Jenny Pearce

Think twice about how you deal with that orphan foal.

Boots with the wonderful gelding Copper, who mothered this orphan foal so thoroughly. A story for another time…

When I see those heart warming photos of people cuddling orphan foals in the stable, I could just about throw up.  I feel teary even writing this article.  I’ll tell you what’s prompted me to write this blog today – yet another tragedy of an orphan foal done wrong by good people with all the good will in the world.

I haven’t used her photo for this blog, because it doesn’t feel fair.

She’s older now, shoved from pillar to post, because she’s not capable of being what people need her to be.  She’s neither horse nor human – her need for a herd rising up from her genetics and yet she’s not at all interested in horses.  It’s humans she was over- imprinted to so thoroughly as an orphan foal.  Her brain is scrambled – neither fish nor fowl – neither horse nor human.

I can still see her in my mind from when I knew her long ago – standing in that small paddock, staring in the window of the house, yearning to be in there with her herd of people.

But the humans were not her herd.  They weren’t out in the paddock keeping her company on the dark nights when the bushes were rustling in the wind, hiding the sound of what might have been a predator creeping up on her.  The humans weren’t out there in the paddock with her so that she could relax, lay down and sleep with the safety of knowing that someone was watching over her – that’s another horse’s role.  And this mare doesn’t like horses, she has no interest in them at all.   She’s probably not had a good sleep in her life – chronic, exhausted tension has been the result.

The first sale was a done deal when the video showed the kids crawling all over her and her so quiet and still.  What it didn’t show was that there was no understanding about what she was doing – understanding on how to be a horse did not come easily to such a confused mind.

Too hard to deal with, the second owner sold her off again to the third and clearly the third sold her off again too.  And since they were kind people, I have to wonder what’s happened to her since.  I lost track of her until the person who rescued her came into one of my workshops this week.

The sadness and loss is imprinted in her eyes, the fear is so strong that she’ll strike with her front feet if you’re silly enough to try and touch her. And do you know, she probably wasn’t tortured or abused to get this “difficult”.  It’s probably just a lifetime of loss and accumulated confusion and misunderstandings.  How are we going to help her untangle that?

We’ll start by finding out if she WANTS us to help her untangle that.

What you should do if you have an orphan foal

Get a foster mother if you can.  It’s not so easy getting a mare to take a strange foal, but there’s some old farm tricks that can help.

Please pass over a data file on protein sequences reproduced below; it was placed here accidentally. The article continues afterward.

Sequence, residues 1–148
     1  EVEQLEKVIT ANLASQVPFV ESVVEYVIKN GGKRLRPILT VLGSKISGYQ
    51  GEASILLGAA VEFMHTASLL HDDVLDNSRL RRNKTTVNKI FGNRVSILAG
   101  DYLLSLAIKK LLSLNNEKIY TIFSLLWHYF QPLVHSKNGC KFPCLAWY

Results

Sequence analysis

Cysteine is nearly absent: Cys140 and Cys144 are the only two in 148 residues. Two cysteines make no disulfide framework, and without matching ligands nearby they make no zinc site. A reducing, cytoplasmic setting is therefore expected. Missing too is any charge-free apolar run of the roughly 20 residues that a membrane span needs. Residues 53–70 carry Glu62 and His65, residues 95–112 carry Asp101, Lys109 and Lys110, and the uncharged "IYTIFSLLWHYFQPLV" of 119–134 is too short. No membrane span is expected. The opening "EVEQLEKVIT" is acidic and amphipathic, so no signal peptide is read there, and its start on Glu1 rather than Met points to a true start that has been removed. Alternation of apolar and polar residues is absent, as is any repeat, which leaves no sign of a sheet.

Rear them with another horse. If you can’t get a foster mother, then rear them with another horse who is willing to teach them how to be a horse and get them into a herd environment with that horse as soon as practicable.

 

Keep your handling to a minimum – feeding and happy scratches are all good, but I hope from this story you’ll get the idea that you don’t want to over-humanize any foal.

Have a vision in your mind of everything that tiny foal does, being done by a 500 kilo grown horse and get some very gentle and considerate and knowledgeable training help.

Make sure they get enough of the right kind of food.  I once saw a horse that had been an orphan foal brought into a clinic (not one of mine), with Big Head, which is a bone deformity caused by  mineral deficiency.  Between the enormous behavioral and physical problems they decided to put him down.

I’ve heard some vets will say you can feed them twice a day for 3 months and then wean them onto hard feed.  What a load of crap.  Sure they might SURVIVE.  The horse with Big Head SURVIVED.  But will they grow into healthy adult horses with a tiny fraction of the food their mothers would have given them?

Powdered milk suitable for horses is incredibly expensive and cows milk doesn’t do the job – it’s way too high in lactose and gives them the runs. We reared our orphan foal with a mixture of lactose free and high protein milk from the supermarket.  It was still an enormous commitment – financially as well as in time and he was worth every bit of it.

I’ll tell his story another time…  Sad rant over for the time being… 🙂

 

 

 

 

 


 

4 Comments

  1. Anne-Marie 10/12/2017, 9:54 am Reply

    So sad, but if anyone can help, you can.

    Metta

    • jennyp 10/12/2017, 12:17 pm Reply

      Actually the lady who rescued her is very special – I think I’m just a bit of a support act. 🙂

  2. Kathy 10/12/2017, 4:20 am Reply

    That is a very sad story Jenny. Hope you can somehow help?
    Sounds like a huge challenge for this poor confused mare and all those who want to help her. Best wishes to all concerned – including the best outcome for this mare, whatever that may be.

    • jennyp 10/12/2017, 7:32 am Reply

      Yeah well, somehow I jumped in her whirlpool yesterday and I’m not much use to her there!

Leave a Comment